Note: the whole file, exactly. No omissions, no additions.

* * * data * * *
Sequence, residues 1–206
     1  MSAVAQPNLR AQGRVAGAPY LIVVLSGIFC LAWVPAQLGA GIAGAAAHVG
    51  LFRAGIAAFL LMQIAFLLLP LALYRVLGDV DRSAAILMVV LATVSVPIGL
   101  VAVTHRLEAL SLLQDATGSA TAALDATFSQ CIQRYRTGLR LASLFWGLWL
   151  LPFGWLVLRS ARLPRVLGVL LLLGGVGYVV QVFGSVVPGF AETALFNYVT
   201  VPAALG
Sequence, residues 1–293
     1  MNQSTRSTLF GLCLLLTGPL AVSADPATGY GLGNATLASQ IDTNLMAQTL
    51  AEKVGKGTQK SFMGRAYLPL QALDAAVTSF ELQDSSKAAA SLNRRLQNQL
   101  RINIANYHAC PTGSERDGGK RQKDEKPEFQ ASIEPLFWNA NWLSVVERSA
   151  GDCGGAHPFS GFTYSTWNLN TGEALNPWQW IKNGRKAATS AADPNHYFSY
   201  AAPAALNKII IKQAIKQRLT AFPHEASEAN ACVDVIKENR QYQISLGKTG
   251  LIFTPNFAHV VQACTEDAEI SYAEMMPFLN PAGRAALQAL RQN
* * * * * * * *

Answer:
Sequence, residues 1–206
     1  MSAVAQPNLR AQGRVAGAPY LIVVLSGIFC LAWVPAQLGA GIAGAAAHVG
    51  LFRAGIAAFL LMQIAFLLLP LALYRVLGDV DRSAAILMVV LATVSVPIGL
   101  VAVTHRLEAL SLLQDATGSA TAALDATFSQ CIQRYRTGLR LASLFWGLWL
   151  LPFGWLVLRS ARLPRVLGVL LLLGGVGYVV QVFGSVVPGF AETALFNYVT
   201  VPAALG
Sequence, residues 1–293
     1  MNQSTRSTLF GLCLLLTGPL AVSADPATGY GLGNATLASQ IDTNLMAQTL
    51  AEKVGKGTQK SFMGRAYLPL QALDAAVTSF ELQDSSKAAA SLNRRLQNQL
   101  RINIANYHAC PTGSERDGGK RQKDEKPEFQ ASIEPLFWNA NWLSVVERSA
   151  GDCGGAHPFS GFTYSTWNLN TGEALNPWQW IKNGRKAATS AADPNHYFSY
   201  AAPAALNKII IKQAIKQRLT AFPHEASEAN ACVDVIKENR QYQISLGKTG
   251  LIFTPNFAHV VQACTEDAEI SYAEMMPFLN PAGRAALQAL RQN